The only hookers Fox WON'T cover ...
As Media Matters has repeatedly documented, if there's one kind of story Fox News likes nearly as much as partisan smears of progressives, it's a story about the sex trade. From the arrest of a man who left his son in his unlocked vehicle while he went to a strip club to a porn star at a fundraiser to Playboy's newest Playmate of the Year to interviews with Victoria's Secret models to a segment advising women to show "less skin" at the workplace (a segment that, naturally, required Fox to air images of women showing a great deal of skin) to a piece about a pole-dancing Pamela Anderson, Fox takes every available opportunity to broadcast photos and video of scantily clad women.
So when you have a story that involves A) prostitutes and B) corrupt politicians, you would think Fox News would be all over it, taking advantage of the ratings gold that had fallen into its lap.
Ah, but the corrupt politicians allegedly involved are Republicans. That changes everything, doesn't it? And not just for Fox News -- as blogger Joshua Micah Marshall has noted, major media outlets have all but ignored a story about "members of Congress getting sauced up at rollicking parties and set up with hookers by crooked defense contractors in exchange for help bagging pricey defense contracts." Marshall and his colleagues at TPMMuckracker.com (along with Harper's Magazine's Ken Silverstein and The Wall Street Journal's Scot J. Paltrow) have taken the lead in covering the federal investigation into whether contractors implicated in the bribery case of former Rep. Randy "Duke" Cunningham (currently serving a jail term for his misdeeds) provided Cunningham and other members of Congress with prostitutes and free limousines and hotel suites. As part of the probe, Silverstein wrote, the FBI is reportedly investigating current and former lawmakers on congressional defense and intelligence committees, "including one person who now holds a powerful intelligence post" -- a description that fits CIA director Porter Goss to a "T."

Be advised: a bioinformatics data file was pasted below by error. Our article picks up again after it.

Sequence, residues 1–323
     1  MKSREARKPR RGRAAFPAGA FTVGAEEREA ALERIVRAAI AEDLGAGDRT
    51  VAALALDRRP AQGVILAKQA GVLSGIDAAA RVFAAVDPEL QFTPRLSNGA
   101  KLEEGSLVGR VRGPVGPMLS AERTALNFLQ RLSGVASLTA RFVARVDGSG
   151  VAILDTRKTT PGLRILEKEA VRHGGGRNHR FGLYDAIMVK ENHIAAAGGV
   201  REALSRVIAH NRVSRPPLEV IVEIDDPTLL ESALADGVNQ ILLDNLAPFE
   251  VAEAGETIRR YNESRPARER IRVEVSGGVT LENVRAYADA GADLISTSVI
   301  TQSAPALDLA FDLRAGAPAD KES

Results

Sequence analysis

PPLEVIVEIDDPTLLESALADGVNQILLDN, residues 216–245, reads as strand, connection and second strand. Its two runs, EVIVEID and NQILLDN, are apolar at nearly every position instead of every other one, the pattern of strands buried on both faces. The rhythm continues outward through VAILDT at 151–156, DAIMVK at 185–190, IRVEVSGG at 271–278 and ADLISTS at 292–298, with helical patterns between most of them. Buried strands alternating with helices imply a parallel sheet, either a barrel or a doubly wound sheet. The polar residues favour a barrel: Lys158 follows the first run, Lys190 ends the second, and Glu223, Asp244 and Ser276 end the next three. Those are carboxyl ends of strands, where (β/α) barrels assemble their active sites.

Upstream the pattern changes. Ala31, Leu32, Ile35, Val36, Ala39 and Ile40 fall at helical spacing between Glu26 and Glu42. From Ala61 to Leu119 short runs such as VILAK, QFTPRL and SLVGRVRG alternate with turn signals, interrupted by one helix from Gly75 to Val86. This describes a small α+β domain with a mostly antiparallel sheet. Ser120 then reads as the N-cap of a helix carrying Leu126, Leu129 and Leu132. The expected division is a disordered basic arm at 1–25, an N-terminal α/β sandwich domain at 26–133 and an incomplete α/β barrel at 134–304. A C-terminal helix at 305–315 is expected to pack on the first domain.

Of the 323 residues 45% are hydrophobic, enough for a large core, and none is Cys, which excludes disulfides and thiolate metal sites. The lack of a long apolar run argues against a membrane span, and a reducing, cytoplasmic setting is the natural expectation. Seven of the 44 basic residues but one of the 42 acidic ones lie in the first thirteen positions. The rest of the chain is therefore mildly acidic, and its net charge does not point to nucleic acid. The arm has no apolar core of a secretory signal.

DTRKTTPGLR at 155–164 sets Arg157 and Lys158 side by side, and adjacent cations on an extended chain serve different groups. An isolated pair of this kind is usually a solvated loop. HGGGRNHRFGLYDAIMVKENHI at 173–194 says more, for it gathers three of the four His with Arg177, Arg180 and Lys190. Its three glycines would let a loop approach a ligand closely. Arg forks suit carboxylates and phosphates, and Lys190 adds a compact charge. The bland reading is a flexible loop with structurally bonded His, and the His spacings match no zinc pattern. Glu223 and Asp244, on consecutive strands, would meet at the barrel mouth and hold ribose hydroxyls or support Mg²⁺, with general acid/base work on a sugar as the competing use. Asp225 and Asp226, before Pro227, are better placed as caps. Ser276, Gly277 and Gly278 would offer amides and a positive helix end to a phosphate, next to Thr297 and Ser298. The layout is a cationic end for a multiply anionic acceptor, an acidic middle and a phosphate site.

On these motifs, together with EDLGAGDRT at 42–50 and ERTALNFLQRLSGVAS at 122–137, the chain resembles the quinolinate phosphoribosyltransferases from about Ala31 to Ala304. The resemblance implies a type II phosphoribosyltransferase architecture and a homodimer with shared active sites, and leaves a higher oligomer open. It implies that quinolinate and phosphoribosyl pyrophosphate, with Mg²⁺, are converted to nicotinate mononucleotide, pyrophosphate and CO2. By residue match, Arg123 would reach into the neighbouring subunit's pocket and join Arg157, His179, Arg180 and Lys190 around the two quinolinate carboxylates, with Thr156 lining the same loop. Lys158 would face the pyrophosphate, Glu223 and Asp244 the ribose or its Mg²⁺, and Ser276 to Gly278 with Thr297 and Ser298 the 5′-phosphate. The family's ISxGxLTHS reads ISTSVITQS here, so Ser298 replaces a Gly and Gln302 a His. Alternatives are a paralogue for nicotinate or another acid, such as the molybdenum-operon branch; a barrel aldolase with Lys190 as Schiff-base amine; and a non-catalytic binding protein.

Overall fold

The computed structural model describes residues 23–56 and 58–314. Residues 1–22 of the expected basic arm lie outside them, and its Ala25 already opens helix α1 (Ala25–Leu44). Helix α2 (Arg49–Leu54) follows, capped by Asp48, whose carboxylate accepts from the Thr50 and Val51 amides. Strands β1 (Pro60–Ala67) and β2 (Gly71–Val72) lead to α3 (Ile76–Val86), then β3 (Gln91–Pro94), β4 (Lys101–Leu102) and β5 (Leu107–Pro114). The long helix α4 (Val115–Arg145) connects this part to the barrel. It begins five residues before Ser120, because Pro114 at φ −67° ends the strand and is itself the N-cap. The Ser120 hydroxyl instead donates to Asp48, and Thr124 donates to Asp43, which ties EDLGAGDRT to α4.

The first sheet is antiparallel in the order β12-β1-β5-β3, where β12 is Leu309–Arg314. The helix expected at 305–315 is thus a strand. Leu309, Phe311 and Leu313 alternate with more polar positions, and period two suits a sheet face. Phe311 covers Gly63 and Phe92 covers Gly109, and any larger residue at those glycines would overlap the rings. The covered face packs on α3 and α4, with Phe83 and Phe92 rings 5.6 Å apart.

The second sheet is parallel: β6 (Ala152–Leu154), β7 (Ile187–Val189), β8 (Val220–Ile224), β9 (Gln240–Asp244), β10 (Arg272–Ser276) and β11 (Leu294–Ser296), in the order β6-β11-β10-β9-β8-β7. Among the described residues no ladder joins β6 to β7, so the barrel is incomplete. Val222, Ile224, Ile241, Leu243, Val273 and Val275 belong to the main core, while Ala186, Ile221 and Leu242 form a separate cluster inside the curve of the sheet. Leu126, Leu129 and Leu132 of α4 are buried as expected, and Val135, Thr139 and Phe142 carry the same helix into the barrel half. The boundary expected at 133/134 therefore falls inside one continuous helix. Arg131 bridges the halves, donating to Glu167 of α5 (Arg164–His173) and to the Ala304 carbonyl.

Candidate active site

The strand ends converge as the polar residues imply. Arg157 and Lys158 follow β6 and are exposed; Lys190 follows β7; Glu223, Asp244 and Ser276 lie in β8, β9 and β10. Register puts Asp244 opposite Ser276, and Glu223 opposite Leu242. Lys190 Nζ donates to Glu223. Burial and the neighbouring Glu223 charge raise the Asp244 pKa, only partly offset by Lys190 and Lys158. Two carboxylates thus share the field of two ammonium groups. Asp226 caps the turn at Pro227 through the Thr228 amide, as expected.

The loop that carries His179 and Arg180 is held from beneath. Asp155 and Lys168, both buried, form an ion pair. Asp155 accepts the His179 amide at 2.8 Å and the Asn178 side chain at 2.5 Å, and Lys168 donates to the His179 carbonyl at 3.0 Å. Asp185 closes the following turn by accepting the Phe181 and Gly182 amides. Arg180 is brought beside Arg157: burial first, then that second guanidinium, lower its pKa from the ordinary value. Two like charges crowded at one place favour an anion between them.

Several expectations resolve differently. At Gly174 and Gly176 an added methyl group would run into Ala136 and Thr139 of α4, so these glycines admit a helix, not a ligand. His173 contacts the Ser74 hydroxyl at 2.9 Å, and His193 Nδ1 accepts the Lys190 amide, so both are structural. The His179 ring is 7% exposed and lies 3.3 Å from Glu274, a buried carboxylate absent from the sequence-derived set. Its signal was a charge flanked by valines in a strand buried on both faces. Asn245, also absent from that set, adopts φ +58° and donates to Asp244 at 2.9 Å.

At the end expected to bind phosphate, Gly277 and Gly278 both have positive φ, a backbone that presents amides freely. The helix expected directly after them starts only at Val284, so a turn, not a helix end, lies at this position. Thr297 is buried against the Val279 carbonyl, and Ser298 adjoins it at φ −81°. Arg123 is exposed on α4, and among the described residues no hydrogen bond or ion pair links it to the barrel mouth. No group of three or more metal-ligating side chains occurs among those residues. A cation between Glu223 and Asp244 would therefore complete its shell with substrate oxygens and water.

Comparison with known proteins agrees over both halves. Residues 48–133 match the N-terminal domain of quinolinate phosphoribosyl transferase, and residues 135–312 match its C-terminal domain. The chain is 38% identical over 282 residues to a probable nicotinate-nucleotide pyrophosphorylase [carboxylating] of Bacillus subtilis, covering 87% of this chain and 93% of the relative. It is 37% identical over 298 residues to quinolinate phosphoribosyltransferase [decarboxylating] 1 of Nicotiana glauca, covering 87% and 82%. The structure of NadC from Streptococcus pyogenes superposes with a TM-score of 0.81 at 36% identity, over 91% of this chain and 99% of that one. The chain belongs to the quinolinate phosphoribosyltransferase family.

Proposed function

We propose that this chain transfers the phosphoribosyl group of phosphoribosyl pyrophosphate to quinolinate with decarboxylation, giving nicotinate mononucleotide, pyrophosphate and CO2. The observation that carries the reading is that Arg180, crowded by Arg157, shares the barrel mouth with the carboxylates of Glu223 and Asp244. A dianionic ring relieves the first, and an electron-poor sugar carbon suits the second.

Now, I haven't blogged about this, or Porter Goss's conspiciously abrupt resignation, because it's really not my sort of story. While I might mention something like that when I stumble across it, it's other, larger matters that concern me, above and beyond one corrupt and incompetant Bush appointee, more or less.
Likewise, I tend to shrug at the "immorality" of public officials. I'm less concerned with their morals and more with their professional ethics. So long as their peccadilos are confined to consenting adults and well-paid professionals, I feel it's none of my business.
However, I do get testy about government officials who screw the pooch AND prostitutes with an equal lack of finesse and a media that takes neither seriously unless, of course, the official has the wrong politics.
I have this old-fashioned idea that the calling of a journalist is to tell the truth, no matter what it does to any favorite sacred cows. When media whores itself out to the highest bidder, it ceases to deserve respect as "The Fifth Estate."
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tag: journalistic ethics, free media, media matters, porter goss, MSM, propaganda